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August 29, 2007

Dark night of the soul

Under Jason's post on Mother Teresa, Diane asks:

Regardless of what we may learn about her inner struggles (what Christian doesn't have them?), she wanted those letters burned after her death. Shouldn't her wishes have been respected?

Good question. This is a tough issue and always has been. On the one hand, it’s been instilled in us that the wishes of the dying should be respected, and for good reason. On the other hand, would you really want to be the person responsible for depriving the world of the works of Mother Teresa—or Virgil, or Kafka, or Hardy? No matter how imperfect their works may have looked to them, they look pretty darn good to us. The mere act of putting a match to them would make me feel like a Philistine, on the level of the executive who reportedly brushed off Fred Astaire’s screen test with “Can't act. Can't sing. Balding. Can dance a little.”

Anyway, getting back to Mother Teresa’s spiritual crisis, another commenter, Carter Johnson, goes so far as to suggest that maybe her feelings of emptiness meant that she was following the wrong Gospel. I don't believe that. God has promised to be with us always, but that doesn't necessarily mean we'll always have what Dorothy L. Sayers called "lovely feelings." Sometimes we will, and they're important, but they're not guaranteed and they're not why we believe. I really like what Chuck Colson has to say on the subject in his BreakPoint commentary today:

She continued to do the toughest job anyone could possibly do. And she did it to her dying day. Why? As she wrote to her spiritual advisor, she submitted to God. “I accept,” she wrote, “not in my feelings—but with my will, the Will of God—I accept His will.” I came to that realization in my own dark night of the soul a couple of years ago when two of my three kids had cancer.

The very essence of faith, you see, is believing even in the absence of evidence. And it is the only way we can know Christ. We can conclude rationally that God exists, that His Word is true, and that He has revealed Himself. But without that leap of faith, we will never know God personally or accept His will in Christ.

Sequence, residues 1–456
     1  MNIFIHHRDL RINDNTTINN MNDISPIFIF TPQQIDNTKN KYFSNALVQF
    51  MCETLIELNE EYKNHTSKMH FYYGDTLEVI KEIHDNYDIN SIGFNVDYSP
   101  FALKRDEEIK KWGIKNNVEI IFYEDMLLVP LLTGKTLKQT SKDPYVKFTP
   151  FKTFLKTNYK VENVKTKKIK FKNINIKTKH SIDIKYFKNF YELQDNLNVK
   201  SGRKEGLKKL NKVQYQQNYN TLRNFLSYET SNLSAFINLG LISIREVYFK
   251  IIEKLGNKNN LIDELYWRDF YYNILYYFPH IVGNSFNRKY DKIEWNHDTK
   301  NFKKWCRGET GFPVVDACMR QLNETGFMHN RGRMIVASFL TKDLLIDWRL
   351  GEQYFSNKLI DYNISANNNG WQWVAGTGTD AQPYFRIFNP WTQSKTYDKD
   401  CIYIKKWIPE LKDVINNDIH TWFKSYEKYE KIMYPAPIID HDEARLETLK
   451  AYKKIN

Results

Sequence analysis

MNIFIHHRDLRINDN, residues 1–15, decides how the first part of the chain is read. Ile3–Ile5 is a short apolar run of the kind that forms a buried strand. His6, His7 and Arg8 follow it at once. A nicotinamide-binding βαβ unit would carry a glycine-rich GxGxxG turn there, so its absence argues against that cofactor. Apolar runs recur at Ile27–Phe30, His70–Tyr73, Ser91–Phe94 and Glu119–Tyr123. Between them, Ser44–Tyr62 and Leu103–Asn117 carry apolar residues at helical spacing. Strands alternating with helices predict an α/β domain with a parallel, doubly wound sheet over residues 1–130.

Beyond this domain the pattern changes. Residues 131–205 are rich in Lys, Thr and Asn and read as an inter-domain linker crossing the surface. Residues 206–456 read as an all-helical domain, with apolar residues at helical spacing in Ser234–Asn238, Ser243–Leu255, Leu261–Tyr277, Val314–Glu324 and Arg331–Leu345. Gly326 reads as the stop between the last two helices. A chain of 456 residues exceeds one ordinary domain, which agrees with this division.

Besides that, it was Jesus Himself who told us that we would know His followers by their fruits. The fruits of Mother Teresa's selfless life would tell us where her heart was, even if we never had a chance to read her words.

I would take no for an answer
Just to know I heard You speak
And I'm wondering why I've never
Seen the signs they claim they see
A lot of special revelations
Meant for everybody but me
Maybe I don't truly know You
Maybe I just simply believe . . .

Chris Rice, "Smell the Color 9"

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This comment was going to go on the original post but might as well stick it on the most recent one:

I've been reading The Screwtape Letters recently and one passage from it struck me as particularly relevant to this discussion:

"Sooner or later He withdraws, if not in fact, at least from their conscious experience, all those supports and incentives. He leaves the creature to stand up on its own legs--to carry out from the will alone duties which have lost all relish. It is during such trough periods, much more than during the peak periods, that is is growing into the sort of creature He wants it to be. Hence the prayers offered in the state of dryness are those which please Him best. [...] He wants them to learn to walk and must therefore take away His hand; and if only the will to walk is really there He is pleased even with their stumbles."


This is just another reminder to not put any trust in man for he will do what he wants instead of what is right. The letters should have been destroyed as per her wishes. The world would not have been deprived, They could have focused on her life. It's a shame that her deep and personal emotions are now for anyone(including those who will use this for negatives) to use and twist.

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